Although Robert Lowell was born in 1917, Kay Redfield Jamison opens her new biography of the poet seventy-two years before his birth, in 1845, with a Lowell being committed to the “McLean Asylum for the Insane.” This was Harriet Brackett Spence Lowell, Lowell’s great-great-grandmother, who had been cared for at home until her manic behavior made hospitalization necessary. (Her doctor’s notes suggest mania: “She began to be more excited, which was shown in paroxysms of screaming…. [She] has had scarce any sleep.”) After three years at McLean, Harriet Lowell returned home, but she remained permanently depressed and inaccessible to all. Her son, the poet James Russell Lowell, evoked in “The Darkened Mind” his mother’s terrible isolation even when surrounded by her husband and children:
We can touch thee, still we are no nearer;
Gather round thee, still thou art alone;
The wide chasm of reason is between us;
Thou confutest kindness with a moan;
We can speak to thee, and thou canst answer,
Like two prisoners through a wall of stone.
Jamison tracks several generations of Lowells suffering from mental instability; contemporary descriptions of their illnesses (often euphemized as “nervous prostration” or as “paralysis of the mind”) establish the threat of Robert Lowell’s genetic inheritance. Very little of this family history was mentioned in Ian Hamilton’s 1982 biography of Lowell, which many felt relayed lurid anecdotes of successive manic episodes in the life at the expense of a grounded sense of the character of the poet.
Jamison’s remarkable book deals steadily with an intransigent problem: How is one to write a psychologically accurate biography of a manifestly original poet suffering severely from recurrent manic-depressive illness? In the life, which features are aspects of the sane man and which should be ascribed to the deranged one? Jamison, a professor of psychiatry at the Johns Hopkins School of Medicine (and an honorary professor of English at the University of St. Andrews in Scotland), approaches Lowell’s vexed life not only with scholarly authority but also with literary talent and confidence; her eloquent memoir An Unquiet Mind (1995), on her own experience of manic-depressive illness, affords her additional warrant to interpret the affliction.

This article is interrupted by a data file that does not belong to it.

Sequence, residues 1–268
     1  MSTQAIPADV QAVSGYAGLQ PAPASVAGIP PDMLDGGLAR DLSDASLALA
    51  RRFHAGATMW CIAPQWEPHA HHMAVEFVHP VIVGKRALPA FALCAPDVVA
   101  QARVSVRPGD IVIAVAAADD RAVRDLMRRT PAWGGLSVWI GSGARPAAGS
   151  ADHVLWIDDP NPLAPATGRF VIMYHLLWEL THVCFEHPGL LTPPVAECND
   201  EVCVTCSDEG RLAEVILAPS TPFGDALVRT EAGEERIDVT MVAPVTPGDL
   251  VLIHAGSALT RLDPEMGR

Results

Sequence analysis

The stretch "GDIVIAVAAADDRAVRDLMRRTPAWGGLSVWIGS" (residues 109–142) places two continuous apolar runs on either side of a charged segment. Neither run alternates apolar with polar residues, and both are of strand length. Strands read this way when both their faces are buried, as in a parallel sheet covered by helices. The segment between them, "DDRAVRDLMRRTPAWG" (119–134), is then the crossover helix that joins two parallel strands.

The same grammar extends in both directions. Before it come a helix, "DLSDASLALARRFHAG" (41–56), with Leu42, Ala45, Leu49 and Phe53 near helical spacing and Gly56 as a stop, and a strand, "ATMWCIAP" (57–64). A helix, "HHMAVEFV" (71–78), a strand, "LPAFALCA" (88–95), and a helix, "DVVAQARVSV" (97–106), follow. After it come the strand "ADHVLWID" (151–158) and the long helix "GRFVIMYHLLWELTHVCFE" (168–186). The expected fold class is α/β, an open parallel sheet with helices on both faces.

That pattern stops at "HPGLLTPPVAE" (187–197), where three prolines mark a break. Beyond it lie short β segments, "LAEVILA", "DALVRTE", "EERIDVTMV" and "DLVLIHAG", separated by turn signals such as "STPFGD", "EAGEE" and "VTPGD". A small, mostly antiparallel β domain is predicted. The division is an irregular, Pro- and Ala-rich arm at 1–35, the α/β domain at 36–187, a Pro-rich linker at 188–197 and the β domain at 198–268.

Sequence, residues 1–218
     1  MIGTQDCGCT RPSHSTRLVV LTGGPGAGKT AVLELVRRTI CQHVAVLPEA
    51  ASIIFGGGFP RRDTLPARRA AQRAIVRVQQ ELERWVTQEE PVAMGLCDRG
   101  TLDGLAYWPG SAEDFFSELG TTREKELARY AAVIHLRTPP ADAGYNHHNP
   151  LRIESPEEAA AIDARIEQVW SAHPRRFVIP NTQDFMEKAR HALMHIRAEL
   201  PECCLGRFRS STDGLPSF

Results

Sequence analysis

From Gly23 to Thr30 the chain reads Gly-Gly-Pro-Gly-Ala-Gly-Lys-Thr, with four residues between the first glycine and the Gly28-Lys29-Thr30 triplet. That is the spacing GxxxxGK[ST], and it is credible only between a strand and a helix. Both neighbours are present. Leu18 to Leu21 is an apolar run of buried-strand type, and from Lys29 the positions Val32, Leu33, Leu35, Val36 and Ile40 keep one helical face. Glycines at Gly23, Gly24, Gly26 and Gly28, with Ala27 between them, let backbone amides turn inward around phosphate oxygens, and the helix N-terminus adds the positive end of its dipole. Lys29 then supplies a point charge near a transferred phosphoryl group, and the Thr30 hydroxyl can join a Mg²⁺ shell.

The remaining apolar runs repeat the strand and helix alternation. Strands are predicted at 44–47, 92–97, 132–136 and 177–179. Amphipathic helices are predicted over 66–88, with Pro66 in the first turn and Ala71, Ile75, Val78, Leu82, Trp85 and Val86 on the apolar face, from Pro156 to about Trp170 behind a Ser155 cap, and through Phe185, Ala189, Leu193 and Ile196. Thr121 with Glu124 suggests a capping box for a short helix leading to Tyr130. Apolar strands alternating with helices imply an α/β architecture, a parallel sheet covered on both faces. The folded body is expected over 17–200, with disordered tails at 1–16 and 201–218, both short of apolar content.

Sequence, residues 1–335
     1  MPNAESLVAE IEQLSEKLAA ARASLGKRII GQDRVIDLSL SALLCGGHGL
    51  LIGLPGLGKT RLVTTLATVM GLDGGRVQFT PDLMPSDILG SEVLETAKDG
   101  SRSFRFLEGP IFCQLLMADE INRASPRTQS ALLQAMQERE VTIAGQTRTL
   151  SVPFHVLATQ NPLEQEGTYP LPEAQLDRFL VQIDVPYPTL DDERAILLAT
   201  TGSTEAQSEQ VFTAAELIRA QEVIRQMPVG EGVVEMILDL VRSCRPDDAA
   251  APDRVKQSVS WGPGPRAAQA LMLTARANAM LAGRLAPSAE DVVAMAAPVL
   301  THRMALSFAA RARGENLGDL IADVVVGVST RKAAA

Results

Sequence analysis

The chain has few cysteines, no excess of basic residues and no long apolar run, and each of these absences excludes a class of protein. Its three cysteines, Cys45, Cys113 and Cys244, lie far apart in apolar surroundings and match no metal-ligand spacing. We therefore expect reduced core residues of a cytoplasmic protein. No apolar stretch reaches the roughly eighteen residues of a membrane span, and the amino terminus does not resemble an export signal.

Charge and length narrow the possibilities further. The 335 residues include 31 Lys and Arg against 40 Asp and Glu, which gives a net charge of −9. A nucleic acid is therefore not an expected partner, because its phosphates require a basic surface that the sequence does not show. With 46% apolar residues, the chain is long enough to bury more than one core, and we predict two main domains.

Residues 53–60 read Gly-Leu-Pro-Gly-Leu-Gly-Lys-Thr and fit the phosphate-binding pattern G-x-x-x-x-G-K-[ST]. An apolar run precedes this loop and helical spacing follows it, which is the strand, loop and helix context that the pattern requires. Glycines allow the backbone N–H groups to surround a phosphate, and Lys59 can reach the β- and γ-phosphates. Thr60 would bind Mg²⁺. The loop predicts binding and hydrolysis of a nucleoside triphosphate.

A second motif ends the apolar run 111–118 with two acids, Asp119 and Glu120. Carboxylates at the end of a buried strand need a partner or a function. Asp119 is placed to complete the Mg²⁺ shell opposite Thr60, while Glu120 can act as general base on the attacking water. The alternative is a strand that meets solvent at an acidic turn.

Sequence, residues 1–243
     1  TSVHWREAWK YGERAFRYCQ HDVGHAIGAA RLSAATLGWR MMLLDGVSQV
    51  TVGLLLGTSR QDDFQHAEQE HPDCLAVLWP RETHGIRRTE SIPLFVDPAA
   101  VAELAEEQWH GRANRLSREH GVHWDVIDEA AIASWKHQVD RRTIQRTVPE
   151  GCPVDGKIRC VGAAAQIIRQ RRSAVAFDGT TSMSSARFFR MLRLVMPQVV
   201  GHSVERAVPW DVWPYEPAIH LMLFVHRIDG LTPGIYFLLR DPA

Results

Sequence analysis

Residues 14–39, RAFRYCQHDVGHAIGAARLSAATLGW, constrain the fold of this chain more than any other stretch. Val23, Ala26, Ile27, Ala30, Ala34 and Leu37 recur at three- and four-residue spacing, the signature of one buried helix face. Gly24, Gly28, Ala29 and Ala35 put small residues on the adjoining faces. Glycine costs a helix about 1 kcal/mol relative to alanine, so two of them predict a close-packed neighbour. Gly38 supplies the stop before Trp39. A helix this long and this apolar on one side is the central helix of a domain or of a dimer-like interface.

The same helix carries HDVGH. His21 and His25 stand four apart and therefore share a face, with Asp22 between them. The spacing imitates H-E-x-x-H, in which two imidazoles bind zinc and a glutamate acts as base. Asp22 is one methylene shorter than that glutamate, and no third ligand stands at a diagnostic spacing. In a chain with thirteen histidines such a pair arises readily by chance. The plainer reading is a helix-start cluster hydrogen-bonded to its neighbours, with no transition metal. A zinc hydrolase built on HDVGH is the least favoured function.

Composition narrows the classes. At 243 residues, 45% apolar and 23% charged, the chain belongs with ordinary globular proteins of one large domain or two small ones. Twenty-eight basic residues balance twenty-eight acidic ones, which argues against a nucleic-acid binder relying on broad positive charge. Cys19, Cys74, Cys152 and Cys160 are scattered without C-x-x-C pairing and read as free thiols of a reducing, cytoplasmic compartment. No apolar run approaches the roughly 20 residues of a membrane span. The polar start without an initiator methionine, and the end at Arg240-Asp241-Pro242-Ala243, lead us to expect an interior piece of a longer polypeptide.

There is a hunger among unaffected persons—often because they have bipolar relatives or friends—to hear what it is like to exist in such unbalance, but medically accurate and emotionally convincing descriptions from patients themselves are relatively rare. Lowell’s own testimony, in both poems and prose (letters, essays, diaries), is ample and harrowing, an autobiographical continuo within Jamison’s own writing. Jamison is the first writer on Lowell to have been given access by his literary executors to all his medical records (and those of his ancestors as well).1 Her comparisons between an external account—a physician’s taciturn notes on an episode—and Lowell’s own dramatic, comic, and…
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